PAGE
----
Achernar (Alpha Eridani) is a blue eruptive main sequence dwarf star that can be located in the constellation of Eridanus. It is the 10th brightest star in the night sky. Alpha Eridani is the Bayer Classification for the star. The Id of the star in the Yale Bright Star Catalogue is HR472. HIP7588 is the reference name for the star in the Hipparcos Star Catalogue. The Id of the star in the Henry Draper catalogue is HD10144. The Id of the star in the Gould Star Catalogue is 2. Stars in the southern hemisphere are more likely to have a Gould Id than the northern hemisphere. For example, there are no Gould classified stars in Ursa Major.
Achernar is one of those rare stars that is not entirely spherical like the majority of stars, in fact, its more egg-shaped. Other egg-shaped stars include Regulus and Vega. Its shape is caused by its spin and also by probably its companion star pulling on it. Below is an artists impression of the star. It is located at the southern end of its constellation and therefore is not visible by a lot of nothern hemispheric countries. However, given its proper motion, one day it will be seen as far north as England. At the other end of the constellation is the second brightest star Cursa, Beta Eridani.
The location of the star in the galaxy is determined by the Right Ascension (R.A.) and Declination (Dec.), these are equivalent to the Longitude and Latitude on the Earth. The Right Ascension is how far expressed in time (hh:mm:ss) the star is along the celestial equator. If the R.A. is positive then its eastwards. The Declination is how far north or south the star is compared to the celestial equator and is expressed in degrees. For Achernar, the location is 01h 37m 42.75 and -57d14`12.0 .
All stars like planets orbit round a central spot, in the case of planets, its the central star such as the Sun. In the case of a star, its the galactic centre. The constellations that we see today will be different than they were 50,000 years ago or 50,000 years from now. Proper Motion details the movements of these stars and are measured in milliarcseconds. The star is moving -038.24 ± 000.43 towards the north and 087.00 ± 000.57 east if we saw them in the horizon.
Luminosity is the amount of energy that a star pumps out and its relative to the amount that our star, the Sun gives out. The figure of 1060.0000000 that I have given is based on the Spectral Types page that I have found on the Internet. You might find a different figure, one that may have been calculated rather than generalised that I have done. The figure is always the amount times the luminosity of the Sun. It is an imprecise figure because of a number of factors including but not limited to whether the star is a variable star and distance.
Achernar has a spectral type of B3Vp. This means the star is a blue main sequence dwarf star. The star has a B-V Colour Index of -0.15 which means the star's temperature has been calculated using information from Morgans @ Uni.edu at being 13,674 Kelvin.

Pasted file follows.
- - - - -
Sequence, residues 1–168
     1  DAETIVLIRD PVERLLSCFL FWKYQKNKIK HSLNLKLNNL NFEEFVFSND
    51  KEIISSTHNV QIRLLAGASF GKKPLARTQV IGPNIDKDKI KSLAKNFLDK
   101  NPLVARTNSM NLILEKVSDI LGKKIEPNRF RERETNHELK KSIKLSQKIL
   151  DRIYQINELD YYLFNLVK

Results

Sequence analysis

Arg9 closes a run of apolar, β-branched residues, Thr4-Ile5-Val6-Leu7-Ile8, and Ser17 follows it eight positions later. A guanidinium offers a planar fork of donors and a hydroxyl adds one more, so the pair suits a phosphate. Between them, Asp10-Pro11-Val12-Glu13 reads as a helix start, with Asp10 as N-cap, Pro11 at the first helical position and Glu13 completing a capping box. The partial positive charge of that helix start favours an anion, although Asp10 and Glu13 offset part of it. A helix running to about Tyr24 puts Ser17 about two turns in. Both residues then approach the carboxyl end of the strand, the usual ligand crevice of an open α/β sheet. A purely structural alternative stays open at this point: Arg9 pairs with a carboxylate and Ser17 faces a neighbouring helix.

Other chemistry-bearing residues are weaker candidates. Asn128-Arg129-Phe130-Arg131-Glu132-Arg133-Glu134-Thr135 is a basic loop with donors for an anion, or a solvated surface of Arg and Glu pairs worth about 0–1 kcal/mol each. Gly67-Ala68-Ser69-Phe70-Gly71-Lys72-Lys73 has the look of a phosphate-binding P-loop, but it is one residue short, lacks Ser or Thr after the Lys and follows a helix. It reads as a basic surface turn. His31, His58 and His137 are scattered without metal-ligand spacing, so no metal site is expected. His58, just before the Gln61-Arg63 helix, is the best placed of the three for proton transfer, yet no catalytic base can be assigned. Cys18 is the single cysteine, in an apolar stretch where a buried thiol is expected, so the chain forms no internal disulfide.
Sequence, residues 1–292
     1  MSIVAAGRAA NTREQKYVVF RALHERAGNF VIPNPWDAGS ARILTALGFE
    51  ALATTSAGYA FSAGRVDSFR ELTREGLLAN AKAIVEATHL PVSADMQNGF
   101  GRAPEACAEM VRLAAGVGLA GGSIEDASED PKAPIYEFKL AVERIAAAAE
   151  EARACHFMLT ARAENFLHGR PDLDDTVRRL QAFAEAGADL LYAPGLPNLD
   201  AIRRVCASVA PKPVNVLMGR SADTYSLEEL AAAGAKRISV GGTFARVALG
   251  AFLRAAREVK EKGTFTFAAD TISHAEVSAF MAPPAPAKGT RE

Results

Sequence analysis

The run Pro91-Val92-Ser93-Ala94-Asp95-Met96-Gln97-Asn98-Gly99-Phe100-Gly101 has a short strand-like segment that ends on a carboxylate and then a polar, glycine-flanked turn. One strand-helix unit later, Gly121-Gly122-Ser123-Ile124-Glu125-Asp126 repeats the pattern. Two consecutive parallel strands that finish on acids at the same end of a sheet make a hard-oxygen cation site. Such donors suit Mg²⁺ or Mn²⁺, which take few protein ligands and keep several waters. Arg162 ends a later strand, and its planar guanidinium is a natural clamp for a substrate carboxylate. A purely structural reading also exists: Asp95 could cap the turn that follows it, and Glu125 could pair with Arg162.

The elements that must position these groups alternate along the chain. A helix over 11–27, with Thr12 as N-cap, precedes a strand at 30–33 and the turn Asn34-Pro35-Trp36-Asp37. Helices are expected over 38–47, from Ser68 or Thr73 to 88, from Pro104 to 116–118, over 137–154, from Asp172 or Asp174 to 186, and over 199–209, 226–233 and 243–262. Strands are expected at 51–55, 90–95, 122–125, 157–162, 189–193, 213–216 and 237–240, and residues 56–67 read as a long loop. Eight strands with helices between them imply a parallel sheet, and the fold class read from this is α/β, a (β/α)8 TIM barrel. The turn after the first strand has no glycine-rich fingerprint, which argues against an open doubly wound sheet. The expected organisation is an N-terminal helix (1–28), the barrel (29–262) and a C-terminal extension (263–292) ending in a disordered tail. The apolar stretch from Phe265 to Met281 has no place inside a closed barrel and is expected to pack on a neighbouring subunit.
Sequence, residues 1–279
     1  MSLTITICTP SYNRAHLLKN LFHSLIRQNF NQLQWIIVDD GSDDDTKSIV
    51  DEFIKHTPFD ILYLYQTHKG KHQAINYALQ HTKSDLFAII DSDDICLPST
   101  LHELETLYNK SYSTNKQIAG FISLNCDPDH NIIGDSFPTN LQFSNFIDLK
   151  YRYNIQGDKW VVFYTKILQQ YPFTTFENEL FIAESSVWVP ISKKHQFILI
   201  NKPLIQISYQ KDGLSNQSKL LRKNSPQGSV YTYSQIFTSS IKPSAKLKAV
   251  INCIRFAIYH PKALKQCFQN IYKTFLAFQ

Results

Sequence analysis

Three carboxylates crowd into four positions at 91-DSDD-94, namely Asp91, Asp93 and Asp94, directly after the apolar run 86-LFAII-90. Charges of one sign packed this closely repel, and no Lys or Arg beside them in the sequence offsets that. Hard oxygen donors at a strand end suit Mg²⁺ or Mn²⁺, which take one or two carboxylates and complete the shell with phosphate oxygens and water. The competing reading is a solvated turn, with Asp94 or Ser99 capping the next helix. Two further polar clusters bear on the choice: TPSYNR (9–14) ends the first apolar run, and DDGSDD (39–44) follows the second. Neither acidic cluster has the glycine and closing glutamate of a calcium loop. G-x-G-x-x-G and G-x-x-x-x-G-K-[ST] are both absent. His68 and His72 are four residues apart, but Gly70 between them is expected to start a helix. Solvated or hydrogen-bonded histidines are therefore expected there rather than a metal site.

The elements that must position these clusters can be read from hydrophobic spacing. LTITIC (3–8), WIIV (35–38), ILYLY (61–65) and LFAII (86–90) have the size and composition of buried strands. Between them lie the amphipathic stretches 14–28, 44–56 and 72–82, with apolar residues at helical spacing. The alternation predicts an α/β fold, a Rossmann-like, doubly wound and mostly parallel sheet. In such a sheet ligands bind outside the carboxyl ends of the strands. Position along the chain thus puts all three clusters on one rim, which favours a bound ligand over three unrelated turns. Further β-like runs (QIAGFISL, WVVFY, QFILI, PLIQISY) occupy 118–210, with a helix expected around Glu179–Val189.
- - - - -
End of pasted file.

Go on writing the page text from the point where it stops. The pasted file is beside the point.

Achernar has been calculated as 5.96 times bigger than the Sun.The Sun's radius is 695,800km, therefore the star's radius is an estimated 4,145,948.22.km.
Achernar has an apparent magnitude of 0.45 which is how bright we see the star from Earth. Apparent Magnitude is also known as Visual Magnitude. If you used the 1997 Parallax value, you would get an absolute magnitude of -2.77 If you used the 2007 Parallax value, you would get an absolute magnitude of -2.70. Magnitude, whether it be apparent/visual or absolute magnitude is measured by a number, the smaller the number, the brighter the Star is. Our own Sun is the brightest star and therefore has the lowest of all magnitudes, -26.74. A faint star will have a high number.
Using the original Hipparcos data that was released in 1997, the parallax to the star was given as 22.68 which gave the calculated distance to Achernar as 143.81 light years away from Earth or 44.09 parsecs. In 2007, Hipparcos data was revised with a new parallax of 23.39 which put Achernar at a distance of 139.45 light years or 42.75 parsecs.
It would take a spaceship travelling at the speed of light, 143.81 years using the 1997 distance to get there. We don't have the technology or spaceship that can carry people over that distance yet.
The star is a eruptive Irregular variable type which means that its size changes over time. The Variable Type is usually named after the first star of that type to be spotted. Achernar brightness ranges from a magnitude of 0.000 to a magnitude of 0.000 over its variable period. The smaller the magnitude, the brighter the star.
The source of the information if it has a Hip I.D. is from Simbad, the Hipparcos data library based at the University at Strasbourg, France. Hipparcos was a E.S.A. satellite operation launched in 1989 for four years. The items in red are values that I've calculated so they could well be wrong. Information regarding Stellar Age, Metallicity or Mass is from the E.U. Exoplanets. The information was obtained as of 12th Feb 2017.
|English Meaning||End of the river|
|Bayer Designation||Alpha Eridani|
|Hipparcos Library I.D.||7588|
|Yale Bright Star Catalogue (HR) Id||472|
|Henry Draper Designation||10144|
|Star Type||main sequence dwarf star|
|Absolute Magnitude||-2.77 / -2.70|
|Right Ascension (R.A.)||01h 37m 42.75|
|1997 Distance from Earth||22.68 Parallax (milliarcseconds)|
|143.81 Light Years|
|2007 Distance from Earth||23.39 Parallax (milliarcseconds)|
|139.45 Light Years|
|Proper Motion Dec.||-38.24 ± 0.43 milliarcseconds/year|
|Proper Motion RA.||87.00 ± 0.57 milliarcseconds/year|
|Brightest in Night Sky||10th|
|Variable Star Class||Eruptive|
|Variable Star Type||Irregular|
|Radius (x the Sun)||5.96|
|Luminosity (x the Sun)||1,060.0000000|
|Calculated Effective Temperature||13,674 Kelvin|
The map was generated using Night Vision, an awesome free application by Brian Simpson.